There are four major processes for
producing rubber stamps. In the original process, type is set in
a bed of paper-mache that is then heated to form an accurate negative. This
negative is filled with uncured rubber. Heat and pressure are applied to
vulcanize the rubber to a strong elastomeric sheet of stamps.
Currently, the most popular
technique is to use liquid photopolymers. Typically, an A4 size negative is
filled with text (or graphics) from as many stamps that will fit. This is used
with UV light to illuminate the front of a planar cavity filled with a liquid
photopolymer while the entire back is illuminated. Where exposed, the liquid
polymer turns into a strong elastomeric rubber leaving a solid back and a front
with solid text. The unexposed liquid photopolymer between the text is washed
away with an aqueous solution.
About a decade ago, a method that
uses a medium power carbon-dioxide laser engraver was introduced. Under computer
control, a relatively large sheet of rubber (approximately 100 square inches) is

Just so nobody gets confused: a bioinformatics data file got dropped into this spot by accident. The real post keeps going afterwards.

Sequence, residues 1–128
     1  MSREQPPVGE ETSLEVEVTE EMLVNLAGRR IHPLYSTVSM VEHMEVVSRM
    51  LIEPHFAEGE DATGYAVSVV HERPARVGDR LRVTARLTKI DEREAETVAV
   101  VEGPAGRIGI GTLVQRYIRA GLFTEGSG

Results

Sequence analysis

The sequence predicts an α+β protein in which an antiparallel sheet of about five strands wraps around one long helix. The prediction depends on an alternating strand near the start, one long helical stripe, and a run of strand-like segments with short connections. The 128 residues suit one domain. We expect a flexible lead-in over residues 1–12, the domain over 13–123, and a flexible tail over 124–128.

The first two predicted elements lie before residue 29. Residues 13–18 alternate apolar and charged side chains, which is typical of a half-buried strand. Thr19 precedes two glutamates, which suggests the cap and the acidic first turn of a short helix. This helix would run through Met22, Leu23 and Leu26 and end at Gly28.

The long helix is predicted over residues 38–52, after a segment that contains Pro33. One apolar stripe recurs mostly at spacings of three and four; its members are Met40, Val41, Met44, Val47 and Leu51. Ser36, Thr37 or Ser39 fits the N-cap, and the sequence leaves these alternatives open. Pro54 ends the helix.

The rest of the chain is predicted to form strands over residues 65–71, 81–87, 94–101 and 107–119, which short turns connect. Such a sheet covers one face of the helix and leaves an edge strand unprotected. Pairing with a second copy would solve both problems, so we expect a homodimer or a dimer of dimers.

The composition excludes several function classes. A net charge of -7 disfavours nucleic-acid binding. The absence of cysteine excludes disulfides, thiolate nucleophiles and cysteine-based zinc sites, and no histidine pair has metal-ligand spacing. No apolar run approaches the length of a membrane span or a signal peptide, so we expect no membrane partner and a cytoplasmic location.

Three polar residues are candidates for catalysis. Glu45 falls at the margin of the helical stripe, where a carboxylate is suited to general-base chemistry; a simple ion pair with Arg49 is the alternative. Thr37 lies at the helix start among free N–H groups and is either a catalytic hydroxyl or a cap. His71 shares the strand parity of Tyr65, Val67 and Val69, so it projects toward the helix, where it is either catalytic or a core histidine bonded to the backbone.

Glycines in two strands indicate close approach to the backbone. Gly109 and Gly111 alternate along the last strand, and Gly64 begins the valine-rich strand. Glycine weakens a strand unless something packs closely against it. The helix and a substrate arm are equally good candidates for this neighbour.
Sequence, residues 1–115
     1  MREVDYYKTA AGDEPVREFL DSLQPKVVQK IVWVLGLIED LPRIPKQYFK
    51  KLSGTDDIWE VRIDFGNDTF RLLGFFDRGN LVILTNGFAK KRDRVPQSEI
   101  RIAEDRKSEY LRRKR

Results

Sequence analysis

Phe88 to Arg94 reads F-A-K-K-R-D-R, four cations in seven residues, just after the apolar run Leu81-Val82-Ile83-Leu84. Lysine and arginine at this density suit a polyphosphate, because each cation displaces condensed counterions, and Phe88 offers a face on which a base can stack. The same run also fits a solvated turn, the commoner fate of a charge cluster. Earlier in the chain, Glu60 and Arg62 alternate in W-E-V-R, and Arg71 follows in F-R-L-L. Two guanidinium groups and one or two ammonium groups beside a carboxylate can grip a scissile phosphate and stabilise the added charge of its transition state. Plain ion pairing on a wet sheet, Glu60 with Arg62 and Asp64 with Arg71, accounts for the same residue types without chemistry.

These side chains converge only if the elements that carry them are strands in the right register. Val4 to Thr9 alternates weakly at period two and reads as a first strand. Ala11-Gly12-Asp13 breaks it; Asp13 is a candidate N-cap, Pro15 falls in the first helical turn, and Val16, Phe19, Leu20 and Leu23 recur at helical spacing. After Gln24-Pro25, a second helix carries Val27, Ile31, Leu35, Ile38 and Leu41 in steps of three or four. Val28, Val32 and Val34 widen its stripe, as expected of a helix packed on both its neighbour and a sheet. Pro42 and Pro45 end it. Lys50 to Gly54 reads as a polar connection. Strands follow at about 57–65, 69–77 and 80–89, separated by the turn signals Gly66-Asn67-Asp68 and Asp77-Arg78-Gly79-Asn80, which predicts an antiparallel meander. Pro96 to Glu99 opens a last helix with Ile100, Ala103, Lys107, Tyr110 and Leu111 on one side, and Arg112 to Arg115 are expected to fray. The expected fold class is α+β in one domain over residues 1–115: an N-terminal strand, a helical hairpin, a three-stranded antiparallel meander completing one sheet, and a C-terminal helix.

engraved with the information for as many stamps as will fit. Adoption of this
method has been retarded by the high price of the engraving apparatus and time
required for engraving one sheet which ranges from 30 minutes to 2 hours,
depending on the text.
In the new so-called “flash
stamp” technology, the stamping layer is made from a microporous polymer which
is selectively sealed thermally using a powerful heat generating flash lamp and
a transparent positive. The sealed layer is backed by a pre-inked layer which
supplies ink and is capable of pressing the sealed layer uniformly.
The multi-billion dollar rubber
stamp business was once dominated by large companies. However availability of
liquid rubber stamp resin and desk-top rubber stamp making machines has resulted
in tens of thousands of small rubber stamp producers coming to the market
throughout the world. Liquid photopolymers used in making stamps are typically
urethane methacrylates which generally cure to 40 to 50 Shore A hardness.
Harder liquid or sheet photopolymer plate are also used as molding or pattern
plates to make conventional rubber plates or stamps. Suppliers of photopolymer
materials include those shown
© 2007-2008 Savla Associates
Free Stamp photo by Mary Ann Sullivan